Plus all those words that mean the same thing... 'Irk, get, bother, gall, vex, disturb, provoke, fret, annoy, chafe, peeve, nettle, exasperate, ruffle, irritate'... so on. They all mean the same damn thing. So why are there so many words for the same thing? I dunno...there just are.

English is also always changing...we add new slang words to our vocabulary every day. We change words so that they don't mean the same words that you learned back in English class. We use words that don't even exist, and I'll be damned if anyone actually speaks in perfect english. We butcher grammer and sentence structure in our converstations.

Everyone thinks they've mastered a language, that is until they go out and have a converstation with the native speakers. Then they realise how little they know...my sister studied spanish in a classroom for years. One day she finally went to Mexico and talked with the natives. It turns out the natives had NO idea what it was she was saying. The Spanish they taught her in the class room was like Shakespear to us. She learned more USEFUL Spanish there then they ever would teach her in a class room.

Lesson; English sucks. We should all learn sign language. The end.
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Postby John Flaherty on Mon Mar 25, 2002 2:10 pm

Well, if y'all wanna know my opinion, I think English and Portuguese from Brazil are very difficult to learn. Why? 'Cause both have words that have their origins from Indian language, have slangs, abreviations, and some words, even if they are written almost exactly, they mean different things, like 'push'. For us, at first, it means 'puxar', 'pull'. See?

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Postby Elemental on Mon Mar 25, 2002 2:51 pm

All languages are PITAs. We need to start experimenting with drugs that will make us psychic. Heh. That'd be fun to watch.
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Postby John Flaherty on Mon Mar 25, 2002 2:53 pm

Fine, ya do it, and we watch. :smile:
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Postby Andrick on Mon Mar 25, 2002 8:21 pm

Oh goody! I get to use more bits of my heretofore unused, useless trivia! *ahem* if you've noticed the bizarre spellings of words and wondered how deveral conjunctions of letters went to create the myriad sounds in the english language we need only look at the root languages: Latin & German. German has a base of forty sounds in their language as Latin only had twenty four. However the Latin alphabet (based off Arabic) was applied to the hybrid English which consolidated to twenty six letters applied to forty four sounds; this left twenty sounds without a letter to represent them (as 'c' sounded like both 'k' and 's' while 'q' sounded like 'k' which is a waste). That is why, in elementary English, we were taught 'long' and 'short' pronounciations of vowels as well as wierd vowel combination sounds like both versions of 'oo' and the difference between the short 'o' sound, like in 'hot' and the 'shwa a', like in 'awful'.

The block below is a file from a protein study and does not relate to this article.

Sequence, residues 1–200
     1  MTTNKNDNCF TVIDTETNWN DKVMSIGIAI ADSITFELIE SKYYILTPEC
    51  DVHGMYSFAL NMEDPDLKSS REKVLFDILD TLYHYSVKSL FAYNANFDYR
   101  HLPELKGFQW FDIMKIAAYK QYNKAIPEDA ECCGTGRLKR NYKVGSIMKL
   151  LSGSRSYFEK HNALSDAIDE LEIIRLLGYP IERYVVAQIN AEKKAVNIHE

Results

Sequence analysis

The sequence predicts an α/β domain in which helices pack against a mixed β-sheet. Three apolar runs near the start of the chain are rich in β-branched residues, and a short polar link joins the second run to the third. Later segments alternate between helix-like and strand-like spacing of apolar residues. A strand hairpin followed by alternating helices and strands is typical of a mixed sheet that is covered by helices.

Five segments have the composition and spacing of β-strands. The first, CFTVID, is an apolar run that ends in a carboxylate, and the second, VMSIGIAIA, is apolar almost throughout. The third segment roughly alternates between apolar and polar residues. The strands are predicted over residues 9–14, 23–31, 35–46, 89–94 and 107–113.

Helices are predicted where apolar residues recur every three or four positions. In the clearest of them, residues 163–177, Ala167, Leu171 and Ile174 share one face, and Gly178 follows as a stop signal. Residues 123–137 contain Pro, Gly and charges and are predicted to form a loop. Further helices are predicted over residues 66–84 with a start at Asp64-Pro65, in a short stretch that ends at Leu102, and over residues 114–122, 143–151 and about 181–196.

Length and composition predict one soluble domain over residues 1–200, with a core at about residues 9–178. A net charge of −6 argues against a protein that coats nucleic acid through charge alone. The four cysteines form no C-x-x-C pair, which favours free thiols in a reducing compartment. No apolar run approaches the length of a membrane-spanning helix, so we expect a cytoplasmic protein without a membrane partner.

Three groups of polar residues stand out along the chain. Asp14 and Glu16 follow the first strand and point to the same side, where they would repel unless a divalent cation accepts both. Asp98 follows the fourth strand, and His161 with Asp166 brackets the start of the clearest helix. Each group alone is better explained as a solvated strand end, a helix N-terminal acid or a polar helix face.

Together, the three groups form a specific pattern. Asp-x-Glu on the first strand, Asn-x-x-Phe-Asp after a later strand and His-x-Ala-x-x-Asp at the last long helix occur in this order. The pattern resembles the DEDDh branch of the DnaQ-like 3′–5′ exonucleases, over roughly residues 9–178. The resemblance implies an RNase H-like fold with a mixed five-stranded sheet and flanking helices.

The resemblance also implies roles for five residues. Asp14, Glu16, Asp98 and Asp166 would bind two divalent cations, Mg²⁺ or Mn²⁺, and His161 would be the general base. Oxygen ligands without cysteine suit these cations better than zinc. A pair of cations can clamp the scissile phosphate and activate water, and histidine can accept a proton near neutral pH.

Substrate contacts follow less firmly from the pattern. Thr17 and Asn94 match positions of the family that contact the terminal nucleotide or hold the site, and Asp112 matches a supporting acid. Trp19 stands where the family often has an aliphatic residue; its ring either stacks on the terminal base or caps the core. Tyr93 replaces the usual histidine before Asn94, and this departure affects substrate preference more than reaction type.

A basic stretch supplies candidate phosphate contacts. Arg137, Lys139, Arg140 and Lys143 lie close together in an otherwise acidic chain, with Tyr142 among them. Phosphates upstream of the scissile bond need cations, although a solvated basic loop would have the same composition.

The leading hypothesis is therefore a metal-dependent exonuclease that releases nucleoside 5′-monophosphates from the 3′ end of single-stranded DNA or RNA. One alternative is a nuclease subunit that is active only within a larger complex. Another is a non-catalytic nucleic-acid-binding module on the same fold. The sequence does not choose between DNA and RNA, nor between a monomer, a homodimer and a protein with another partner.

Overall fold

But, in a nut shell, english is not concise nor would it be expedient if there were an attempt for it to be so. That's why there are lawyers who can translate pages of 'legalese' into an 'upshot' of three sentences.
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Postby Darthen Wulf on Tue Mar 26, 2002 6:06 am

Well, well, well... Very interesting. But, only one question: Who bother? I mean, ALL languages were invented by humans for humans, to express feelings, or more prosaic things (such as cooking...). And here lay the genius of humanity: EACH language has a musical aspect, or an area in which things are better expressed. For example, go sing a love song in Spanish, and then, in German, and you'll see what I mean...

Personnal to Andrinck: In my Keyboard, 'J' is immediately near 'K'...
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Postby Elemental on Tue Mar 26, 2002 5:10 pm

Well, the QWERTY keyboard design is the standard in the USA, that's for ccertain. Other countries no doubt have their own standards.
Or, alternatively, you might just have a non-standard board.
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Postby Darthen Wulf on Wed Mar 27, 2002 12:36 am

Personnal to Elemental: The standard for Keyboards in Europe is the AZERTY, the sixth first letters on it. Sometimes, when games I play were programmed with QWERTY devices, I got some problems...

Qusetion: Why keyboards are build with such illogical order of letters as QWERTY or AZERTY? Nothing quite logic nor easy to handle. So WHY???